You have reached one of the most beautiful areas in Israel! While you may easily be struck by our extraordinary landscape - the green woods, the agricultural land, the hills and the valleys, through a more in-depth look you may also be impressed by the beauty of the various communities. The Menashe Region is one of the most diverse and interesting regions in the State of Israel, a place where Jewish and Arab communities neighbor each other and maintain coexistence, where secular and religious communities reach out to each other, where there are kibbutzim - socialist forms of settlements and moshavim - privately owned agricultural farms, and where we have a high percentage of new immigrants living among these various communities.
Within the 160,000 dunams of this regional council you will find a perfect picture of the human mosaic that comprises the State of Israel.
The council is named after the biblical Menashe Tribe, which resided is this area. It is located half way between Tel Aviv, Haifa and Afula, and its inhabitants number 13,000. In the past, the rainy conditions of this area encouraged agricultural work; yet today with the changes in the Israeli economy, agriculture has declined and we now see a rapid growth in commercial centers and large industries. A modern educational center provides children of the council with state-of-the-art educational facilities for all grades. The forests, nature reserves and historical sites are a tourist attraction for tens of thousands of Israelis and foreign tourists weekly. In addition, the council also holds various cultural events, maintains sports facilities and runs welfare programs for its residents.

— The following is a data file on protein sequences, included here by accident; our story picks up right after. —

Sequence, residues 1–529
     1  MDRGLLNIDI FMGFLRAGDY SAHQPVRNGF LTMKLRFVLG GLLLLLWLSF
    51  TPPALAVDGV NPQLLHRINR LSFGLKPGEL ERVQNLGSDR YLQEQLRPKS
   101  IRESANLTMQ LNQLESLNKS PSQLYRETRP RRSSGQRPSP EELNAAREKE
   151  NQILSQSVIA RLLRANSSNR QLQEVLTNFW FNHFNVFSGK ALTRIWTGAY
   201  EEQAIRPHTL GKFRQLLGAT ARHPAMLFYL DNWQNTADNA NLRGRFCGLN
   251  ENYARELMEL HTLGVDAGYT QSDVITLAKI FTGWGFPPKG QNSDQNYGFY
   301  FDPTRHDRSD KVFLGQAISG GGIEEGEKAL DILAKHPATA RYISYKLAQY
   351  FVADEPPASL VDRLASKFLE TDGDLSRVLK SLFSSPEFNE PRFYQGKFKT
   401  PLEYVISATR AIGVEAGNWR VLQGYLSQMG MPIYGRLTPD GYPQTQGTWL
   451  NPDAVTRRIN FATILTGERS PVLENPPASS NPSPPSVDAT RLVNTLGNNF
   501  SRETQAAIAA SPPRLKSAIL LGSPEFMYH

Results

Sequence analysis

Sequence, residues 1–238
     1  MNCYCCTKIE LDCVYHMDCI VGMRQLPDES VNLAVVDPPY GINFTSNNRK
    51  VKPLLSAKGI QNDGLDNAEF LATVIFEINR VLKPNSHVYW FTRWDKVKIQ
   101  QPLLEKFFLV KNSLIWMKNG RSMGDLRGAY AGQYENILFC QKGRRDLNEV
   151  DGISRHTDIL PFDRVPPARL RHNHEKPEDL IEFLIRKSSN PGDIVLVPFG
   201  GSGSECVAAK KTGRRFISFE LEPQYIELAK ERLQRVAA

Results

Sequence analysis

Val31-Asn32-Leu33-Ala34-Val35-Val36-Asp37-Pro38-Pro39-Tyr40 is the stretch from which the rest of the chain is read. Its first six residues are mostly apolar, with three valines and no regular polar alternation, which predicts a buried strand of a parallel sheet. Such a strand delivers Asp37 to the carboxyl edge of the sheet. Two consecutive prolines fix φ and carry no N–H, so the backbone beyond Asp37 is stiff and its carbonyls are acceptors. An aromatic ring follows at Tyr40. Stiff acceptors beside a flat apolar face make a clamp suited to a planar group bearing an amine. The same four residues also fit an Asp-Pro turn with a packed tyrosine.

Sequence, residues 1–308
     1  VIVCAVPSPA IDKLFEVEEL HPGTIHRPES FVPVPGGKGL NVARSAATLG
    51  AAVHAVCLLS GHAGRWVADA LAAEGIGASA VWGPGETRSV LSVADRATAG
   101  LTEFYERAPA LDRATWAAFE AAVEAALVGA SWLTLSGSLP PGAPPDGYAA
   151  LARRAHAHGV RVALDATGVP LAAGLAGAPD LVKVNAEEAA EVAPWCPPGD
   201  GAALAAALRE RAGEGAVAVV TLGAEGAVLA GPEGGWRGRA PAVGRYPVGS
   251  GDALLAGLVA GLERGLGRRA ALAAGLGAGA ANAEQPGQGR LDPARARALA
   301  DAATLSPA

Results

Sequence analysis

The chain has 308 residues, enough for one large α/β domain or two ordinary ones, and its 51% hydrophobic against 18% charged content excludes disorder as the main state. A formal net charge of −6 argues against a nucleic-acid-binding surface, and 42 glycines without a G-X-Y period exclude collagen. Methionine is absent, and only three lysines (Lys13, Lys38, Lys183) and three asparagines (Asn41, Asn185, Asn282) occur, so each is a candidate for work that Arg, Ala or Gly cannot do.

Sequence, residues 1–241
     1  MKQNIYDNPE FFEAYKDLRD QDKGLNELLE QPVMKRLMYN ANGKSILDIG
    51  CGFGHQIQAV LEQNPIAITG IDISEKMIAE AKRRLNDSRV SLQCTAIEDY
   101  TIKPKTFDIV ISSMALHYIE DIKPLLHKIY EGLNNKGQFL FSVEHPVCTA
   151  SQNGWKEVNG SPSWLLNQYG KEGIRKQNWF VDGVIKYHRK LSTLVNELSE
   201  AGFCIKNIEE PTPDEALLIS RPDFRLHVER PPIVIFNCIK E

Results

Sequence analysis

Following you will find a short description of each of our 20 communities:
Kibbutz Kfar Glickson
was founded in the year 1939 and named after Dr. Moshe Glickson, a leading Zionist activist who was killed in a car accident on the exact day the kibbutz was founded. It is one of the "Homa U'Migdal" (Wall & Tower) settlements, that was founded in a manner that prevented the British Mandate from bringing it down (British law defined an existing community that must not be destroyed as one with a Tower and a Wall). Today the kibbutz has 330 residents who maintain their living from a stationary factory and agriculture. The kibbutz also offers bed and breakfast facilities with a breathtaking view, an exhibition dedicated to the "Shomer" movement and a local pub.
Kibbutz Ein Shemer